The term in-vitro fertilization (IVF) once created a historical controversy but it is now archaic. Its history dates back to 1978 England when the first test-tube girl Louise Brown was born. Nobel laureate Dr. Robert Edwards’ breakthrough became an overnight sensation and a legacy hero thankful by numerous infertile parents. Against the backdrop of IVF breakthrough, a belligerent bioethical debate for the Sanctity-of-life is inevitable. When Pope Paul VI issued the Humanae Vitae in 1968, the rules reinforced the disapproval for unnatural reproduction. Opponents against the natural course of life condemned Robert’s technique as playing God and not forgetting the ethical concerns behind unused fertilized embryos although some are stored, used for stem cell research and the remaining destroyed. Radicals have expressed views that laboratory technicians should be charged with murder as fertilized embryos are prospective human life forms.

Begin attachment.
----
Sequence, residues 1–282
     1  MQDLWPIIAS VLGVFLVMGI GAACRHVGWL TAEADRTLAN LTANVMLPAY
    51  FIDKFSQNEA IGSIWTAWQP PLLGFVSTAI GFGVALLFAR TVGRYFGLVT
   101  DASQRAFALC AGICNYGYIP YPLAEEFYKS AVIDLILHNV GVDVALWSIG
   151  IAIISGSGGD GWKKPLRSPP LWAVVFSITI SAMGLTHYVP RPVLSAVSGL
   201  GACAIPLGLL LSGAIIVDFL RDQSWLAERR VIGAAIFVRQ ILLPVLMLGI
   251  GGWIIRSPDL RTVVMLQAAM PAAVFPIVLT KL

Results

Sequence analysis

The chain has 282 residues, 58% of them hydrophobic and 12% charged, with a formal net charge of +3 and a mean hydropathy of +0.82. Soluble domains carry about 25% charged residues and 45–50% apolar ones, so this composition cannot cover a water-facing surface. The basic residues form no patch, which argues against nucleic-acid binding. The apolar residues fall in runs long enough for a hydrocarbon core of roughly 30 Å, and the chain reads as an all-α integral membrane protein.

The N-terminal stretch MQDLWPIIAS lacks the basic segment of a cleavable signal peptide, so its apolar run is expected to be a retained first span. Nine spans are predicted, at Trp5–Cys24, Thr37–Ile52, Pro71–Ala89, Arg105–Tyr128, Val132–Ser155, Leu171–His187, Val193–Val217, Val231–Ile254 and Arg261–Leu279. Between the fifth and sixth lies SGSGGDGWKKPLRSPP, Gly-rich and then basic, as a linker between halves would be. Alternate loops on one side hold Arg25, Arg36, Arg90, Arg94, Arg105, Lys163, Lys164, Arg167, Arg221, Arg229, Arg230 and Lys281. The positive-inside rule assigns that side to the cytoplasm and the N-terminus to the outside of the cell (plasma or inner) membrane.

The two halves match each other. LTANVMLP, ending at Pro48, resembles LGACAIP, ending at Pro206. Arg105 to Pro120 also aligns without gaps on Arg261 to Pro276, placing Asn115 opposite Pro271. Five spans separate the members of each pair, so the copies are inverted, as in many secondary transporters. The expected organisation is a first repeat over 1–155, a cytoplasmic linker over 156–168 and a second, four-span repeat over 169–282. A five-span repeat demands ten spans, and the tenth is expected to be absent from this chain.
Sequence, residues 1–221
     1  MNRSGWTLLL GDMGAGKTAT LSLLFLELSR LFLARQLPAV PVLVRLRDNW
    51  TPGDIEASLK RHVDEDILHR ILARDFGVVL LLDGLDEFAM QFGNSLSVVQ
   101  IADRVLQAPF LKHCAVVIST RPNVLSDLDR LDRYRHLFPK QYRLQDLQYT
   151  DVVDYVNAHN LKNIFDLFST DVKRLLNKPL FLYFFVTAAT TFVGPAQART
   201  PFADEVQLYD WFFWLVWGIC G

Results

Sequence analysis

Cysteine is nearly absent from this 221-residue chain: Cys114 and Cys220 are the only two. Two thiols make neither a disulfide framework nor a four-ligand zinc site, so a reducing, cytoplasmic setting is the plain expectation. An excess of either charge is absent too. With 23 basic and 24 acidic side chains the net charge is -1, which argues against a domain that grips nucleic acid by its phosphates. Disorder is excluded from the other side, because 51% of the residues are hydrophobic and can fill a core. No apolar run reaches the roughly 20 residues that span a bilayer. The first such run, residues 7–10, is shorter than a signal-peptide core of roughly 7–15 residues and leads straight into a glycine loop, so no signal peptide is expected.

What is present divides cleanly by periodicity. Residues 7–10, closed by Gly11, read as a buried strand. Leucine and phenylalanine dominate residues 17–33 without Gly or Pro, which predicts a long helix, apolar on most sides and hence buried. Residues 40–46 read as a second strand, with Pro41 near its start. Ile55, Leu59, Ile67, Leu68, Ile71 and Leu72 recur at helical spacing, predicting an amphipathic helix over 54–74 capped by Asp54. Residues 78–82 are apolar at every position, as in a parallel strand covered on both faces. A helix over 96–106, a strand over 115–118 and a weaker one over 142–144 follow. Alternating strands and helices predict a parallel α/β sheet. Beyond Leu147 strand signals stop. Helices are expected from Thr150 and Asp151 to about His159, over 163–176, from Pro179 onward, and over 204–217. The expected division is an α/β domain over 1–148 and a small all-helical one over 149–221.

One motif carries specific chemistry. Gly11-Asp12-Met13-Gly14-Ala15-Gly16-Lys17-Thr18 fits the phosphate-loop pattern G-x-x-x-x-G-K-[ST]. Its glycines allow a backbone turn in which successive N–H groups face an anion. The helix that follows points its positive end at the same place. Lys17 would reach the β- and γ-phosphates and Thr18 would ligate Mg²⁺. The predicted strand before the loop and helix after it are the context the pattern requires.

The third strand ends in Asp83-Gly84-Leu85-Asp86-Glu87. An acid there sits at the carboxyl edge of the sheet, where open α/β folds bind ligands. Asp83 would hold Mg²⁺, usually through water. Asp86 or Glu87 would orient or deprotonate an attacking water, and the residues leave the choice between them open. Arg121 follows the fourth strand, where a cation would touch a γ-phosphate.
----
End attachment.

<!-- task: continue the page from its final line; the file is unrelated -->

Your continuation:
Conflicts have also surfaced as to what…show more content… Second, scientists, bioethicists, lawyers and risk engineers need a common avenue for an evidence-based deliberation that is free from political and corporate agendas to draft the new bills for new biotechnologies. Third, there exist resources today to conduct Big Data analysis thanks to better computing power, software and algorithmic developments. Much of the judicial decisions draw lessons from court cases elsewhere and they can provide valuable prior information. Fourth, combining historical court examples from depositories with predictive engines, potential loopholes in existing political frameworks could be identified and have measures developed against